RISMEDIA, January 21, 2010—With technology allowing nearly 24-hour media access as children and teens go about their daily lives, the amount of time young people spend with entertainment media has risen dramatically, especially among minority youth, according to a study recently released by the Kaiser Family Foundation. Today, 8- to 18-year-olds devote an average of 7 hours and 38 minutes (7:38) to using entertainment media across a typical day (more than 53 hours a week). And because they spend so much of that time ‘media multitasking’ (using more than one medium at a time), they actually manage to pack a total of 10 hours and 45 minutes (10:45) worth of media content into those 7½ hours.
The amount of time spent with media increased by an hour and seventeen minutes a day over the past five years, from 6:21 in 2004 to 7:38 today. And because of media multitasking, the total amount of media content consumed during that period has increased from 8:33 in 2004 to 10:45 today.
Mobile media driving increased consumption. The increase in media use is driven in large part by ready access to mobile devices like cell phones and iPods. Over the past five years, there has been a huge increase in ownership among 8-to 18-year-olds: from 39% to 66% for cell phones, and from 18% to 76% for iPods and other MP3 players. During this period, cell phones and iPods have become true multi-media devices: in fact, young people now spend more time listening to music, playing games, and watching TV on their cell phones than they spend talking on them.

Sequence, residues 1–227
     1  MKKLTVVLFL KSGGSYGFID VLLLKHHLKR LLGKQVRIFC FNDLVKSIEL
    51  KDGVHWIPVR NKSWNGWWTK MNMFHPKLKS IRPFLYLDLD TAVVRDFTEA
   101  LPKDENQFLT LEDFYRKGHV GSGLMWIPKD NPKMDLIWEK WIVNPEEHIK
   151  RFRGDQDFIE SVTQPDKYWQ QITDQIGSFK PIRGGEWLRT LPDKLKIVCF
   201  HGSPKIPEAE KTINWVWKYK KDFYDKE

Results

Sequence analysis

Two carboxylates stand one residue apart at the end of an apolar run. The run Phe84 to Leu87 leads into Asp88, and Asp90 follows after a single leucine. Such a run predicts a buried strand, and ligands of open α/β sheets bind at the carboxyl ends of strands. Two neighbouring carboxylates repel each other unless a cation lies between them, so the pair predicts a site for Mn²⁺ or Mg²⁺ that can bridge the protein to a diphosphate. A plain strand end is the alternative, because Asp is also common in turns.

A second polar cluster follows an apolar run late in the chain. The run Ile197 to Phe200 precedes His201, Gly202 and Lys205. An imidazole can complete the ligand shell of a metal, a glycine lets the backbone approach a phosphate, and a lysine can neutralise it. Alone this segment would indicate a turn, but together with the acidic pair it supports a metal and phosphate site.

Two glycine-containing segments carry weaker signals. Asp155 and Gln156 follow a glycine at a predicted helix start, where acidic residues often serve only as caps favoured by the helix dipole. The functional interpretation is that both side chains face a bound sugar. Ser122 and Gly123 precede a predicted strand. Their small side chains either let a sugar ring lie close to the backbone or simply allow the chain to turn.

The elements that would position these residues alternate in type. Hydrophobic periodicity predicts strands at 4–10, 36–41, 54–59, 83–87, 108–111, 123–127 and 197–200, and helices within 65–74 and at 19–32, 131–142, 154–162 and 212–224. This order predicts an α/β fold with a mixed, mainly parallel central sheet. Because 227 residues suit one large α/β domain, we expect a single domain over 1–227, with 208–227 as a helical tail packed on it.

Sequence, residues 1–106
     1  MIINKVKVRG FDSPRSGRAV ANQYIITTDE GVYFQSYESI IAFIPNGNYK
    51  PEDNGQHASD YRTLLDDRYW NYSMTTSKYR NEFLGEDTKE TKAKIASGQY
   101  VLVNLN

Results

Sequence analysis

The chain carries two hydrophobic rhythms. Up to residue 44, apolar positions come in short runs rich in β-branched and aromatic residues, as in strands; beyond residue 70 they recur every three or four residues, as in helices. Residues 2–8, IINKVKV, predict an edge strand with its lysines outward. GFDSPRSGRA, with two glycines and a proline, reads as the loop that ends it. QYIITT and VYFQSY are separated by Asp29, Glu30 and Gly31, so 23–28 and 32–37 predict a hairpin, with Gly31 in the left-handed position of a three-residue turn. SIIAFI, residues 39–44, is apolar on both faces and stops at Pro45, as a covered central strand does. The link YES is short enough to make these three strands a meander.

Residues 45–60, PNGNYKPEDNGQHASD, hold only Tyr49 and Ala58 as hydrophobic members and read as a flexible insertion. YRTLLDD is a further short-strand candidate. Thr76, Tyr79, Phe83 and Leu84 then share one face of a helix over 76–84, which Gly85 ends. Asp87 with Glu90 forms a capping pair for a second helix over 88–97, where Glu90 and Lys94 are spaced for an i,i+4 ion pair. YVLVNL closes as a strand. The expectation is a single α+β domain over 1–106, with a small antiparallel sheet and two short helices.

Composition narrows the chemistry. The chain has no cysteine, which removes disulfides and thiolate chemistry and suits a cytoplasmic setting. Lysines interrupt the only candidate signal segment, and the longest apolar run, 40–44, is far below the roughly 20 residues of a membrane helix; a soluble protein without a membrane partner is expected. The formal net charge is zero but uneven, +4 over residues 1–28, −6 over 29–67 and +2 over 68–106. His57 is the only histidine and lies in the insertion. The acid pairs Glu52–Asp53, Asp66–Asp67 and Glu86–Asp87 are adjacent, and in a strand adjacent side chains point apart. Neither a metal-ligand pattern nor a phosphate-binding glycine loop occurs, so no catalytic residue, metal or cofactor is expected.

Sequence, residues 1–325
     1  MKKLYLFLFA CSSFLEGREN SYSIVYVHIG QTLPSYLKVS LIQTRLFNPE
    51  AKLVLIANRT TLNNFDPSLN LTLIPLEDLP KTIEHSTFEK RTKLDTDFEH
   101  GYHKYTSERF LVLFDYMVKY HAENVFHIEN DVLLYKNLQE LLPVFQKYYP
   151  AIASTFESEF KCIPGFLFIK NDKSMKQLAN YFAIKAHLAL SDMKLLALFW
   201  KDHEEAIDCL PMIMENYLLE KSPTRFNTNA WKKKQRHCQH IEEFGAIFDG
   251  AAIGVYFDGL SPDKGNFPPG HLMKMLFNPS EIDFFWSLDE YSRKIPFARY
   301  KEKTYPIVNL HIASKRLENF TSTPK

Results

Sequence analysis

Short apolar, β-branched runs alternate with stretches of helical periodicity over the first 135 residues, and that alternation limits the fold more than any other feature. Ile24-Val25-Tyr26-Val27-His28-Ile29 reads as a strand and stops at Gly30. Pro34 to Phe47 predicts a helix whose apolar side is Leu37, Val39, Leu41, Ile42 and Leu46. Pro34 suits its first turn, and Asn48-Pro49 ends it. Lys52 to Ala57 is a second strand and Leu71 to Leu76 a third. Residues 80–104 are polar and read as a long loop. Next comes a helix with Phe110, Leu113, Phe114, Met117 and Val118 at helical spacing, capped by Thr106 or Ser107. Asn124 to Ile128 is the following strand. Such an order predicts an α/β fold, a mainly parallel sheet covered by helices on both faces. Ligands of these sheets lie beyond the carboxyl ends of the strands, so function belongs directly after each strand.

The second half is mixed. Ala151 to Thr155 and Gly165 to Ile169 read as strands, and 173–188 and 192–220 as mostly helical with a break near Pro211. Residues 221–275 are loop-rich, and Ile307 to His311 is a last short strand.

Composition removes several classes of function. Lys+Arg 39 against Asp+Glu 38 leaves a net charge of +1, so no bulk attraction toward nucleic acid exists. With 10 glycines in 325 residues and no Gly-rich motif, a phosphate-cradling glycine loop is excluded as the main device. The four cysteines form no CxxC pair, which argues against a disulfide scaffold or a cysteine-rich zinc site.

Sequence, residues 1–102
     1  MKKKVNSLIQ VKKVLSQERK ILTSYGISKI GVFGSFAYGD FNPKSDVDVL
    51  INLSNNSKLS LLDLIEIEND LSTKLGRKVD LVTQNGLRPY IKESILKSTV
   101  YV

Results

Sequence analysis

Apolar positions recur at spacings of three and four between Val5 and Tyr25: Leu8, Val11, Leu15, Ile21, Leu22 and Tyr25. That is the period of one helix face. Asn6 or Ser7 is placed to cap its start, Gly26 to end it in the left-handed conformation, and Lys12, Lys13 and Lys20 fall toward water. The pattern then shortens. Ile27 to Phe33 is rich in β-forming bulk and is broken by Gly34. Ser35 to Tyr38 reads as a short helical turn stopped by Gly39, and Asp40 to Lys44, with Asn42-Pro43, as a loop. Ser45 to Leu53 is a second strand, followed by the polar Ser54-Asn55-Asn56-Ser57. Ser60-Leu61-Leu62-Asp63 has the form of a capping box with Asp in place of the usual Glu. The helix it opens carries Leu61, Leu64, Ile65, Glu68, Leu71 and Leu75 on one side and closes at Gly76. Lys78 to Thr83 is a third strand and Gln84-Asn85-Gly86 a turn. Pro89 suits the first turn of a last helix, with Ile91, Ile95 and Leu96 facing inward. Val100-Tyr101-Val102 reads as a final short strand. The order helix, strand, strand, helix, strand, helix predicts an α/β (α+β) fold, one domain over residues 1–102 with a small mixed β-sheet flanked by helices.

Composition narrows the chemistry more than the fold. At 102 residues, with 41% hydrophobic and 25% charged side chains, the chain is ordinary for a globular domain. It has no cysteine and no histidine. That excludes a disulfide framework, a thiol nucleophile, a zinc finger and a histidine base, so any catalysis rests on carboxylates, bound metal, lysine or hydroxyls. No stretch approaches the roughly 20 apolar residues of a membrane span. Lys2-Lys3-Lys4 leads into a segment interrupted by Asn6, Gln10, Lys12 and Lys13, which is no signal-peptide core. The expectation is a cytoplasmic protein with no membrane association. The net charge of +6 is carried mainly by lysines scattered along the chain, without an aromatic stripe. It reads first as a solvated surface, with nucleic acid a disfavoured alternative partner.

Parents and media rules. Only about three in 10 young people say they have rules about how much time they can spend watching TV (28%) or playing video games (30%), and 36% say the same about using the computer. But when parents do set limits, children spend less time with media: those with any media rules consume nearly 3 hours less media per day (2:52) than those with no rules.
Media in the home. About two-thirds (64%) of young people say the TV is usually on during meals, and just under half (45%) say the TV is left on “most of the time” in their home, even if no one is watching. Seven in ten (71%) have a TV in their bedroom, and half (50%) have a console video game player in their room. Again, children in these TV-centric homes spend far more time watching: 1:30 more a day in homes where the TV is left on most of the time, and an hour more among those with a TV in their room.
Heavy media users report getting lower grades. While the study cannot establish a cause and effect relationship between media use and grades, there are differences between heavy and light media users in this regard. About half (47%) of heavy media users say they usually get fair or poor grades (mostly Cs or lower), compared to about a quarter (23%) of light users. These differences may or may not be influenced by their media use patterns. (Heavy users are the 21% of young people who consume more than 16 hours of media a day, and light users are the 17% of young people who consume less than 3 hours of media a day).
For more information, visit www.kff.org.